When that is combined with the fawning nature of BBC Scotland’s management towards its London bosses, and organisation’s clear hierarchy in which London based reporters are considered a cut above mere provincials, you get a toxic mess where those who do have Unionist bias are free to express it. Especially if you’re a star performer called Andrew Marr, Andrew Neil, James Naughtie or Kirsty Wark.
We are after all talking about a broadcaster that can describe a sewing programme as “Great British”. If an organisation is prepared to lay claim to needlework for British nationalism, it will have a tendency towards British nationalism in other respects as well. And when we’re dealing with the Scottish independence debate, British nationalism is pretty much all we see on the BBC.
There are some things which happen above Derek Bateman’s paygrade. It was reported last year that the Foreign Office had been contacting English language publications in Spain, requesting that they publish items favourable to the stance of the UK Government in the independence debate. If the UK Government has being doing this with publications in foreign countries, then what exactly has gone on in private communications between – say – the former Tory cabinet minister Chris Patten, currently chair of the BBC Trust, and the UK Government which is the BBC’s sole shareholder? That’s not something we’re likely to be told for 30 years. And that’s without getting into the question of whether a former Conservative cabinet minister can ever be an unbiased arbitrer in a highly politicised debate.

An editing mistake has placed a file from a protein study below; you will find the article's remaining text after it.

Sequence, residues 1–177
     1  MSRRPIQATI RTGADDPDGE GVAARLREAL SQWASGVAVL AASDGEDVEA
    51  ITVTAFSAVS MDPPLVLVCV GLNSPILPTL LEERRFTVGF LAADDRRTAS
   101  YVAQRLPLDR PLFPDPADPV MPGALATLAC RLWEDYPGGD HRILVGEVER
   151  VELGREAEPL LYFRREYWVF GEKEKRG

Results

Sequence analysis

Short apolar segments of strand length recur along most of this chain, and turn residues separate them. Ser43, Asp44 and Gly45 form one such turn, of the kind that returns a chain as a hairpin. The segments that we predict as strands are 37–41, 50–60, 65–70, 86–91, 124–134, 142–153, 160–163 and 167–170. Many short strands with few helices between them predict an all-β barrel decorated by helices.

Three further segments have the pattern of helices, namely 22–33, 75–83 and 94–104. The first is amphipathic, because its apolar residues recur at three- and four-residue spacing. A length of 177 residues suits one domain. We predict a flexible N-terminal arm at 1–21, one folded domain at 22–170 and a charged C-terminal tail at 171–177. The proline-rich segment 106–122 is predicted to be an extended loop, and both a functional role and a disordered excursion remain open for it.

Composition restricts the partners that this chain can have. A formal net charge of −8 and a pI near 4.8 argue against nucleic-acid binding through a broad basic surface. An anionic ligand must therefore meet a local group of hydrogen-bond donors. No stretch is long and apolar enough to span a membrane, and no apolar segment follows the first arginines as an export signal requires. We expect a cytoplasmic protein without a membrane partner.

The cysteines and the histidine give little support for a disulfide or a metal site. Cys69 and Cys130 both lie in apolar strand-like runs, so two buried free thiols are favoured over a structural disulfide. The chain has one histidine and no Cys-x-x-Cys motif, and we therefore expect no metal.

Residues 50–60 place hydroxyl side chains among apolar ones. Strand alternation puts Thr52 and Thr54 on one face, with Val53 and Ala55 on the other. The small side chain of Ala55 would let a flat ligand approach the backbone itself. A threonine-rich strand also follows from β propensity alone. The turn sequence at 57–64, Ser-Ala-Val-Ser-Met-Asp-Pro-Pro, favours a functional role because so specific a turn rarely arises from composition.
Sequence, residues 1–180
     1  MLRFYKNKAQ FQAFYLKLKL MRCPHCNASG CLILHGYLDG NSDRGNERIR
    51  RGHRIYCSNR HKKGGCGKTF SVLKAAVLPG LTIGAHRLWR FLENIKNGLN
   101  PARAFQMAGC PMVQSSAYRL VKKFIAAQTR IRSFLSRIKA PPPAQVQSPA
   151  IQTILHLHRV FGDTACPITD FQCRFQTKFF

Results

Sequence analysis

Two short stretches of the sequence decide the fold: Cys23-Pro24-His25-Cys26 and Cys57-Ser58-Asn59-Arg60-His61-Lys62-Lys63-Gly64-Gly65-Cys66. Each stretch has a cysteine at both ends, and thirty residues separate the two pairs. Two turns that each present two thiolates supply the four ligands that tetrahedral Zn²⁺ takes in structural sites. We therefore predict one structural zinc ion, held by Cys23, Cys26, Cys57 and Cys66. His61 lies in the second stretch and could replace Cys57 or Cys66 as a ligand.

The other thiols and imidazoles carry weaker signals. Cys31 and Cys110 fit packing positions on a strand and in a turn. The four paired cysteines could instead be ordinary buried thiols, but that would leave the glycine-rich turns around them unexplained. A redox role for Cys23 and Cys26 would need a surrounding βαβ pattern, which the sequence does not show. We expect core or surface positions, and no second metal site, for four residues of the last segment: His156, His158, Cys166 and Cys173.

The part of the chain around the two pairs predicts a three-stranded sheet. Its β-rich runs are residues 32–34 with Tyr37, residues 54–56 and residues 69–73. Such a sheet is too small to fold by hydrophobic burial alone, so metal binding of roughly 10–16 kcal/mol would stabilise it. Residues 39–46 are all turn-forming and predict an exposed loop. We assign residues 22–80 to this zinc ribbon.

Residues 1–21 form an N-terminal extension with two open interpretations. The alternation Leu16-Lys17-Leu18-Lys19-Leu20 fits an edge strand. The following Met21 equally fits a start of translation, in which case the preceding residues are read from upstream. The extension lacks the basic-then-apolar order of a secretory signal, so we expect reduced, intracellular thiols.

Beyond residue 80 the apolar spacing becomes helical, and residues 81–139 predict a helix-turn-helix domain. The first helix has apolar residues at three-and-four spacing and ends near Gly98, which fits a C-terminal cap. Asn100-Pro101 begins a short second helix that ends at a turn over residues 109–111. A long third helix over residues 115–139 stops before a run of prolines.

Have the top levels of BBC management decided to foster British nationalism and a sense of Britishness as it became apparent that Scotland was going to hold a referendum on independence? There’s certainly been a plague of Great British this and Great British that on the BBC of late. In the context of an independence referendum, even the title of a sewing competition looks like it is being politicised by the Unionists. We should be told. we pay the BBC’s bills. But we won’t be told.
So what to do? I’m not going to call on people not to pay their licence fee. Due to my partner’s age and health condition, we get an exemption and don’t have to pay. It would be hypocritical for me to call on others to take the legal and financial risks involved with non-payment. That’s a decision that individuals must make for themselves.
When this independence campaign kicked off, we all knew that the independence cause would find precious little support in the mainstream media. That opinion was however the preserve of those who already supported independence. Now that opinion has gone mainstream. Scots are becoming increasingly aware of the bias in our media, and especially the shocking disservice provided by BBC Scotland. That awareness helps the independence campaign, and we must do all we can to ensure that the awareness grows and spreads.
Whatever the outcome of the vote in September, Andrew Marr and the BBC are going to be the big losers. Their credibility is in tatters. There will be a reckoning with Scottish licence fee payers, one way or another.